Thomas Applegarth, Michael Soss, Alexander Manassah, Violent Theft > highway robbery, 16th January 1751.

Reference Number: t17510116-43
Offence: Violent Theft > highway robbery
Verdict: Guilty; Guilty; Not Guilty
Punishment: Death; Death

145. 146. 147. Thomas Applegarth and Michael Soss , were indicted, for that they in a certain alley, near the king's highway, on James Spurling , Esq ; did make an assault, putting him in corporal fear and danger of his life, and stealing from his person, one gold watch, value 20 l. two gold seals value 30 s. one gold chain, value 40 s. the goods of the said James. And Alexander Manassah , for receiving them, knowing them to be stolen, Nov. 17 +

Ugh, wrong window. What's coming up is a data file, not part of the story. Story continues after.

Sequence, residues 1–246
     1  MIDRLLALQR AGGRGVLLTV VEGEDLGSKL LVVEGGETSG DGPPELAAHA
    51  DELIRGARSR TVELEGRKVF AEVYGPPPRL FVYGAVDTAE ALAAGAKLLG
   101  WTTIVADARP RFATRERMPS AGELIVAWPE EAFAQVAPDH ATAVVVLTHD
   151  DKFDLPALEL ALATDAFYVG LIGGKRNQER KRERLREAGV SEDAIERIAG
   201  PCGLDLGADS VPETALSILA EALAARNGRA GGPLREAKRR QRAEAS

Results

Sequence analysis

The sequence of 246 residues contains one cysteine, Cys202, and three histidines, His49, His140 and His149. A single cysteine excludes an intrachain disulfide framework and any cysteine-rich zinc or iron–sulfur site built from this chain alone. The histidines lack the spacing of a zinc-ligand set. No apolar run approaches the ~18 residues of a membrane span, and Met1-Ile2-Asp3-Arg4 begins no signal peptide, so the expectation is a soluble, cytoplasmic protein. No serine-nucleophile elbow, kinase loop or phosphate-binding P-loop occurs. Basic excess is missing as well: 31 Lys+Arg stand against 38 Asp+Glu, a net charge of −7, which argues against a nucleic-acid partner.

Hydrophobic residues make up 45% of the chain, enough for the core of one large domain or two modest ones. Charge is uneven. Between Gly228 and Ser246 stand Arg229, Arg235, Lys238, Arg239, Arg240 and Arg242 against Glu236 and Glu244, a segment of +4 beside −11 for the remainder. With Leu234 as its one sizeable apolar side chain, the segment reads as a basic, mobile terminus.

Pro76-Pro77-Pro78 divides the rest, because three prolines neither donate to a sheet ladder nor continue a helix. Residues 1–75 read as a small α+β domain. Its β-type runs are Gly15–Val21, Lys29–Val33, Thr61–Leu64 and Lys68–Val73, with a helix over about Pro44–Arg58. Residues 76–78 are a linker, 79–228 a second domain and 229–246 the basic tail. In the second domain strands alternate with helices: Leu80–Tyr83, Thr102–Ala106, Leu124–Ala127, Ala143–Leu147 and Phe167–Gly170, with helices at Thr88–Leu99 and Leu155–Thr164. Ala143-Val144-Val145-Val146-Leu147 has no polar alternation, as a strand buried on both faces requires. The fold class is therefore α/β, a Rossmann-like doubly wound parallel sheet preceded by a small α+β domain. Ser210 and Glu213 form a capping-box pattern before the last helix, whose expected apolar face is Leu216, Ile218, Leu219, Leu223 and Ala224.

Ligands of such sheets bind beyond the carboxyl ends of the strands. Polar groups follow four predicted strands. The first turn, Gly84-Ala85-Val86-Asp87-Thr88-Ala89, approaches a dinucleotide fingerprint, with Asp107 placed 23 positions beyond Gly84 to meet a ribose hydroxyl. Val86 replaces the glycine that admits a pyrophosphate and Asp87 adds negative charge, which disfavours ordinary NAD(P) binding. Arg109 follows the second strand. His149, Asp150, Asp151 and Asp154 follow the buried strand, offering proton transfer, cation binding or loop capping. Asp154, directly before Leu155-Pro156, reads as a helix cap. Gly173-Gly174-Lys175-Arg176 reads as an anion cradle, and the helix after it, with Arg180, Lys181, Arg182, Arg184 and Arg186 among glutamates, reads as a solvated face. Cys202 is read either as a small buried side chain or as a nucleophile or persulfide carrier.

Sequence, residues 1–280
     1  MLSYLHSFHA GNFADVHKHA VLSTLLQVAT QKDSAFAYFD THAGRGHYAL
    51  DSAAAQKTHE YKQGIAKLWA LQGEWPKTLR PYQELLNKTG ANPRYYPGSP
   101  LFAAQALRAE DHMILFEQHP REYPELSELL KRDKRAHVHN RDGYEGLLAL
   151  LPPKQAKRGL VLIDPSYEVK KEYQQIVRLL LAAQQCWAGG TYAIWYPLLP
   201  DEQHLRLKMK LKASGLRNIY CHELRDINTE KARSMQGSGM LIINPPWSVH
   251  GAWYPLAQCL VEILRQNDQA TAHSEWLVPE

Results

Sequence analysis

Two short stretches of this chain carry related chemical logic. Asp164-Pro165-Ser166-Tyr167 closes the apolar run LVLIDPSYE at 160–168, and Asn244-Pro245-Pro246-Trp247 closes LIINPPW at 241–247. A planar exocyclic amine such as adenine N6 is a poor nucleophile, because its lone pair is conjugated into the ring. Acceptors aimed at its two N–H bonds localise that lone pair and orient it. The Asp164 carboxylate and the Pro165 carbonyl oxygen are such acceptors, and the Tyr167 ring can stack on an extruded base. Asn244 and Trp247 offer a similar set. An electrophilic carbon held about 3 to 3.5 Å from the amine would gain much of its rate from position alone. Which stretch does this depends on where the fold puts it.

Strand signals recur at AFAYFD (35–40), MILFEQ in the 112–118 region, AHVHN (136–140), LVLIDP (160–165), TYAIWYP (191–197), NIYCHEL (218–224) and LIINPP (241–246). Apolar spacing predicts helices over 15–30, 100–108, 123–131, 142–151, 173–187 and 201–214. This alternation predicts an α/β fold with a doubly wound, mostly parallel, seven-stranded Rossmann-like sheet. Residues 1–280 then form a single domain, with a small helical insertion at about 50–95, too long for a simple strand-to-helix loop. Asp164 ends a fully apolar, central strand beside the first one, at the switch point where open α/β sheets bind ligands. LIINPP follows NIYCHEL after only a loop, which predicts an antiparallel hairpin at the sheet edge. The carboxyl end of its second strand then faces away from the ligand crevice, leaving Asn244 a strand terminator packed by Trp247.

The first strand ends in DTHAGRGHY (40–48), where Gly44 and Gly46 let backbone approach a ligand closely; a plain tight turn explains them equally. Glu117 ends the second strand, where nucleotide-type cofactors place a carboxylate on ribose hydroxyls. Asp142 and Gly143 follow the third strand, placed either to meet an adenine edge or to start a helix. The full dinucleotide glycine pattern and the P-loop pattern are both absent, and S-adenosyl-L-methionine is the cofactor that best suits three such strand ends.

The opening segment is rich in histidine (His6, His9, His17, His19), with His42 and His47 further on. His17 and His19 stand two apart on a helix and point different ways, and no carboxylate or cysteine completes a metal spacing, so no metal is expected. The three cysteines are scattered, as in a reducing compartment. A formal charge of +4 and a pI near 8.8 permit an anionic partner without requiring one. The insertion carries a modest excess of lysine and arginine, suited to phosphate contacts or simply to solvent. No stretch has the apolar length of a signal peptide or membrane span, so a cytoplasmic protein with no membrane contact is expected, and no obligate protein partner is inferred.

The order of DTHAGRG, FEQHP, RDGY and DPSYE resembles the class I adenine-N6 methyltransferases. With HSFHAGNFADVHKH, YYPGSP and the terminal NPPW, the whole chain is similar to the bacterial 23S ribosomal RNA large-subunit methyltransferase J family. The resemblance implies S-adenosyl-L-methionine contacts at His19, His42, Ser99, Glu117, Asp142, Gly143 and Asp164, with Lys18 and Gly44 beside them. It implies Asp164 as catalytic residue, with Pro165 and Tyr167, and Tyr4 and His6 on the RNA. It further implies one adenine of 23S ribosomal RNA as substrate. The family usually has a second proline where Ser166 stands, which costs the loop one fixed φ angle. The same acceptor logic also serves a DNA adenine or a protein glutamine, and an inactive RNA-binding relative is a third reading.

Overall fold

James Spurling . I cannot say I know the prisoners at the bar. On the night betwixt the 16th and 17th of Nov. I was going out of Mark-lane into Mincing-lane, to my own house; going into Star-alley , I met two men, and they proved to be what I feared (by their appearance) one of them I think was the evidence, there came two gentlemen out of the alley. I forgot my own safety, and when I was got about a yard into the alley; I turned back to see if they stop'd these two gentlemen, intending if they had so done, to call the watch; the two fellows met me body to body, one of them threatened me saying, if I spoke a word I was a dead man, he would blow my brains out if I moved an inch; I found my self in bad hands, so I turned back and set myself against the wall in the alley; the evidence placed himself on one side me, and the other person on the other, the evidence had a pistol and held it to my head, threatening as before mentioned. They took from me a gold watch, with a gold chain and seal to it, and I believe they took some silver, but I am not quite certain what I had in my pocket; the man on my right hand had his hand in my pocket about two minutes, he seem'd much concern'd and behav'd in so remarkable a manner, that the evidence took his pistol from my head, and levell'd it at his, and swore if he did not rifle me, he'd